The world we live in both is and isn’t connected.
We read the terrifying headlines and look at (or avoid looking at, because they’re too terrifying, and looking at them can’t help anyone) the photographs of the devastation in Turkey, and I think it’s safe to say that most of us feel very far removed from it.
That doesn’t stop us from wanting to help the victims — both the Jewish Federations of North America, at jfna.org, and the Joint Distribution Committee, at jdc.org, began to raise funds for them almost before the ground finally stopped heaving, and the buildings stopped falling.
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But even though many of us donate, for most of us it seems far away.
The war in Ukraine, though, seems very close to home for many of us. Although most of us didn’t realize that the Pale of Settlement, where Eastern European Jews were allowed to live, included Ukraine, not Russia, and therefore most of us who thought our familes had come from Russia were wrong, until the war started, many of us knew that we had ties to the region. (Part of Ukraine’s problem is there; it’s in the way that Russia has blurred the lines between these two countries so that it can claim Ukraine as part of its territory, a subsidiary part of the Russian world. The Ukraine, like the Yukon. It’s not. It’s a separate country, connected to Russia but separate from it.)
When I listened to Alexander Smukler talk, I was struck by how similar the story sounds in some ways to our story here.
There are of course the parallels between strongmen and would-be strongmen there and here, between demagogues and antisemites and bigots of all kinds. But I’m thinking more about the feeling of being mistreated by history.
It’s funny. We Jews could feel that so very logically. We’ve been hated and harried and hounded throughout most of our millennia. But that seems to be taken care of with the old joke about the underlying theme of our holidays: “They tried to kill us. They failed. Let’s eat.” That’s not to say that many Jews don’t harbor real loathing for the people — mainly eastern and central Europeans — whose parents caused or abetted the Holocaust, whose casual brutality killed so many of us. But that real animus seems to last only a few generations in its purest, most acidic form.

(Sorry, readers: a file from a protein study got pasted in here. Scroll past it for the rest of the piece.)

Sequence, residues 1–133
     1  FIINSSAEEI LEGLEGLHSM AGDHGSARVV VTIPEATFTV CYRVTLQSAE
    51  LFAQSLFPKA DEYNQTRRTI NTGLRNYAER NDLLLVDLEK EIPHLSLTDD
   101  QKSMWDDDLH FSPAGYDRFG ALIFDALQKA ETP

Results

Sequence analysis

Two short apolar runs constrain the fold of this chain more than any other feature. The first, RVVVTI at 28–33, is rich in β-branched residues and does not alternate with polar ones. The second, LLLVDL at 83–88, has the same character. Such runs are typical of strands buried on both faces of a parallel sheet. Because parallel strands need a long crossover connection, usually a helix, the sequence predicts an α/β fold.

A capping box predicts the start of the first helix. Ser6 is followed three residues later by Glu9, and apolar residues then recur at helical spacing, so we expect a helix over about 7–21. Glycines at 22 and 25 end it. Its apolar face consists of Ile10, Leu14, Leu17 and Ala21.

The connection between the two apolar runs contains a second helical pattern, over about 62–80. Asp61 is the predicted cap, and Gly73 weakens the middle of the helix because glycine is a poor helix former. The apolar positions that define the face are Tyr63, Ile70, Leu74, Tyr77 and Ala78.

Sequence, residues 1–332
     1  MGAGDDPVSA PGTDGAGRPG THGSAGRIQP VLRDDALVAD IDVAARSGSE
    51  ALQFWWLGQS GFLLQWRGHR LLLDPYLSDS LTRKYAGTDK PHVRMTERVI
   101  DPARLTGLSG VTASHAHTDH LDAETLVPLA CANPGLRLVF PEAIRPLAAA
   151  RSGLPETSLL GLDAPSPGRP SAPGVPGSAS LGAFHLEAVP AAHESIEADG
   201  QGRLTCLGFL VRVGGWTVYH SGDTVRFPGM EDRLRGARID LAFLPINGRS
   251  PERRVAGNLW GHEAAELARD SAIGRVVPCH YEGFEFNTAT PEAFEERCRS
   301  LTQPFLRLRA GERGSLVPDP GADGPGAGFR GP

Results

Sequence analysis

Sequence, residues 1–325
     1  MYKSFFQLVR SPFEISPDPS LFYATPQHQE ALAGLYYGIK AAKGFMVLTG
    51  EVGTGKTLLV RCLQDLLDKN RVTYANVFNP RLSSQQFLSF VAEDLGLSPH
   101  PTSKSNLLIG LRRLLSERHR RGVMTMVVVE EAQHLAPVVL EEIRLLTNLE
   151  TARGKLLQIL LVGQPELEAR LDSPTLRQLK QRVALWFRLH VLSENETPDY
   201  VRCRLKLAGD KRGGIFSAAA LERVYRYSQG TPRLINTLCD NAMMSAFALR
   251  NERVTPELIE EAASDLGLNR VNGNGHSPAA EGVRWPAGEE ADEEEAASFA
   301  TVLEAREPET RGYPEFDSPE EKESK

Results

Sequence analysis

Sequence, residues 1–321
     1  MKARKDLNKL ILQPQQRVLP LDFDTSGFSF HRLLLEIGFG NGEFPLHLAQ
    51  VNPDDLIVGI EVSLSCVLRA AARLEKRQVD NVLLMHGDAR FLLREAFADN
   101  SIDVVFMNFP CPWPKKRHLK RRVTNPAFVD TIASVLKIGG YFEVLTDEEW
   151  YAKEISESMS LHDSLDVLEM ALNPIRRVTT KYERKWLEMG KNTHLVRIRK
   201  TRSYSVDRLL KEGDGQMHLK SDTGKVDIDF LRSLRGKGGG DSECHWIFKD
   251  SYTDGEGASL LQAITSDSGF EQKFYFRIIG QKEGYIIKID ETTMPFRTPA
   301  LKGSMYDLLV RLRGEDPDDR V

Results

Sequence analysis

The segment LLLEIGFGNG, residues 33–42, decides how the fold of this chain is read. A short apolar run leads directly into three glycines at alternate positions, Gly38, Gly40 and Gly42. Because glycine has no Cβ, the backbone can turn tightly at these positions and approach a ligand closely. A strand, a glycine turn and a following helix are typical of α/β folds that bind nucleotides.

I’ve been thinking instead about the parallels between the Russians’ attachment to the Great Patriotic War and the South’s burning nostalgia for its Lost Cause.
There are of course major differences between those two feelings. The South lost the Civil War, and it deserved to lose. It was fighting for slavery, for the right to own other people and brutalize them. Stalin’s Red Army was fighting the Nazis — a very bad man fighting against a force of pure evil — and the right side won. (Not that we should whitewash Stalin, who was directly responsible for more than a million deaths, and whose disastrous rule killed millions more through famine, disease, forced labor, and other avoidable horrors.)
But the lingering mythology, the idea that the war isn’t over, and that they — the American South, and the Russians — somehow are its victims, remains.
As Mr. Smukler tells us, Russians learn about the war constantly. It remains alive for them; it is their last glorious victory (although that victory was accompanied by bloody, muddy death).
Large parts of the South still remain convinced that the Civil War was fought not for slavery but for states’ rights (and probably, on some deep level, remain convinced that slavery wasn’t so bad). Alabama and Mississippi both celebrate Martin Luther King Jr. Day, but they pair it with another commemoration. It’s King-Lee day; the Lee, of course, is Robert E., the slave-owning Confederate general, who was a traitor who turned against his own country, the United States of America.
Tony Hurwitz wrote about it brilliantly in 1999, in his “Confederates in the Attic: Dispatches From the Unfinished Civil War.” Little seems to have changed in the quarter-century since the book came out.
The lesson seems to be that just as papering over fissures in human relationships doesn’t work, because hearts can’t be mended with scotch tape and tissue paper, it’s not a good cure for societal problems either.
The South lost the Civil War, and it deserved to lose.
Russia won World War II, but it lost its empire because its vassal states wanted freedom, and it can’t just invade and kill to get them back.
Maybe, just maybe, if Ukraine wins the war; if it can get enough of what it needs quickly enough so that its Jewish president can lead it to victory, at least one toxic myth plaguing Eastern Europe can be exposed to the sunlight that’ll kill it.
We can hope, can’t we?